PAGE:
Ever since the FDA rolled out UDI rule, it has faced major hiccups down the road. Increasing concerns of medical device companies over deadlines is one among them. In a recent announcement, FDA yet again informed the compliance dates for certain Class I and Unclassified medical devices have been further extended. These set of devices pose a lower risk to patients, namely manual surgical instruments and mechanical wheelchairs.
Earlier, 24 September 2018 was the FDA set deadline for Class I and unclassified devices to bear a UDI on their labels and packages, apart from mandatory submission of data to Global UDI Database (GUDID). The due date has now shifted to 24 September 2020. In addition, the agency is also said to impose another requirement with respect to Direct Mark for Class I and unclassified devices. The requisite date for Class I and unclassified devices to bear it is 24 September 2022.
The chart below provided by FDA details the new compliance deadlines and label requirements for each device type:
|Type of Device||Label (21 CFR 801.20), GUDID Submission (21 CFR Part 830, subpart E), and Standard Date Format (21 CFR 801.18)||Direct Mark (21 CFR 801.45)|
|Class I devices||September 24, 2020||September 24, 2022|
|Unclassified devices||September 24, 2020||September 24, 2022|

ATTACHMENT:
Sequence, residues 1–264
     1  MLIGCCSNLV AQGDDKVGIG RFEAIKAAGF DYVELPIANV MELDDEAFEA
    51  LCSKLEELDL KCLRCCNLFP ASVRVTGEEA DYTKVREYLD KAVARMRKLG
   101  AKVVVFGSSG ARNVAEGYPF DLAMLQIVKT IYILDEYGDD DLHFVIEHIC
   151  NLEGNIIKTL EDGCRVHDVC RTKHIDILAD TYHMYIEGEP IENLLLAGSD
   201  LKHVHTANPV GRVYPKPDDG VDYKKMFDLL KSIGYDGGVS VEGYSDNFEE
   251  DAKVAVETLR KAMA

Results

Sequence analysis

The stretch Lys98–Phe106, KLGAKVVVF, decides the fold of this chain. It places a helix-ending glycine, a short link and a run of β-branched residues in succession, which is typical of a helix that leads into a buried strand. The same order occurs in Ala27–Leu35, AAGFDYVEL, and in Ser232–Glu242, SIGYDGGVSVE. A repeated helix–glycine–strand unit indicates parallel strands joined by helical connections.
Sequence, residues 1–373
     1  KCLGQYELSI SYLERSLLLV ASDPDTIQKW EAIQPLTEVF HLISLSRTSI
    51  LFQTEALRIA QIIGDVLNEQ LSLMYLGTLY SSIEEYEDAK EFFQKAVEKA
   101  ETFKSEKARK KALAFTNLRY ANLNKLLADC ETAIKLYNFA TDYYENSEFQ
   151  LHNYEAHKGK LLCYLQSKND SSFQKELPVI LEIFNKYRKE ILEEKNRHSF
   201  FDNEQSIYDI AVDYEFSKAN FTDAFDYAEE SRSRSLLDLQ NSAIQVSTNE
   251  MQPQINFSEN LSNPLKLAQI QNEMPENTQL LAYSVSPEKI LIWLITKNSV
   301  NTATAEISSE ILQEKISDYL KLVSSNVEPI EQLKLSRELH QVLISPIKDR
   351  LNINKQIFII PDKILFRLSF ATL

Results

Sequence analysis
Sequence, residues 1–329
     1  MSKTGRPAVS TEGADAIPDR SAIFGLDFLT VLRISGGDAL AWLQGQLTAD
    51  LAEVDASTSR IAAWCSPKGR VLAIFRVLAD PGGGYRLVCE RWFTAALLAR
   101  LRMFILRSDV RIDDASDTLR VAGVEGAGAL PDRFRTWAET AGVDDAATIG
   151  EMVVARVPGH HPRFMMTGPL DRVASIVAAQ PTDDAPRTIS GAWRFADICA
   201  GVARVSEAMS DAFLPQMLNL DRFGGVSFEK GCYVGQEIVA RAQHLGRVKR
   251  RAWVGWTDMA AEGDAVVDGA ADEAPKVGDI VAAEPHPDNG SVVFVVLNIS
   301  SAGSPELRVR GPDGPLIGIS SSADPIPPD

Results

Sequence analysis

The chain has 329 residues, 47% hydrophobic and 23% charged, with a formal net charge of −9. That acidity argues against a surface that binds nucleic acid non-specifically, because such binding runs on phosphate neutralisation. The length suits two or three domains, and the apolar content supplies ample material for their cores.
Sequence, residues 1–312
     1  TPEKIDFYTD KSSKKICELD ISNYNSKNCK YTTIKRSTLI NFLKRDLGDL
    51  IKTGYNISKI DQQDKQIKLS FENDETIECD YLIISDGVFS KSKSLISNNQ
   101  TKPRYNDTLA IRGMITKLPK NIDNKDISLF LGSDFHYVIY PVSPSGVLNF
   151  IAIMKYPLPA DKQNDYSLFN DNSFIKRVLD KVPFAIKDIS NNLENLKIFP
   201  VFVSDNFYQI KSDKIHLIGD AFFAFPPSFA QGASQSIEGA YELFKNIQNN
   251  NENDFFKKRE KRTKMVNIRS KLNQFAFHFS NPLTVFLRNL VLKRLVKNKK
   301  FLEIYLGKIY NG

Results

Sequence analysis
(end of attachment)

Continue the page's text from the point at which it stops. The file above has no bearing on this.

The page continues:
The reason for this two-year delay is rooted to the FDA’s need to rectify few UDI related challenges for higher-risk devices before low-risk devices take over the market. Right from complex policy and technical issues that need a closure, to provide adequate and timely support to those medical device labeler companies who are facing difficulty to meet the set compliance dates, the FDA needs to duly address these challenges in the quickest turn-around-time.
In the meantime, to extend the compliance dates for lower-risk medical devices, FDA says it is planning to issue a guidance document to detail its enforcement discretion policy for labeling, GUDID data submission, standard date formatting and direct mark requirements for the affected devices. It should be noted that this enforcement discretion policy would not apply to class I or unclassified implantable, life-supporting or life-sustaining devices because labelers of these devices must already follow UDI requirements.
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Despite few delays, FDA’s UDI requirements are up and running when it comes to several high-risk devices that includes Class III, and implantable and life-supporting or life-sustaining devices such as artificial heart valves and automated external defibrillators (AEDs). FDA reports claim that its Global UDI Database already contains a whopping 1.4 million records that have been submitted by more than 4,000 medical device labelers.
To streamline UDI labeling and GUDID submissions for your medical devices, it’s imperative to carefully understand the entire process of development, validation, design and submission of requirements. Keep pace with UDI compliance standards.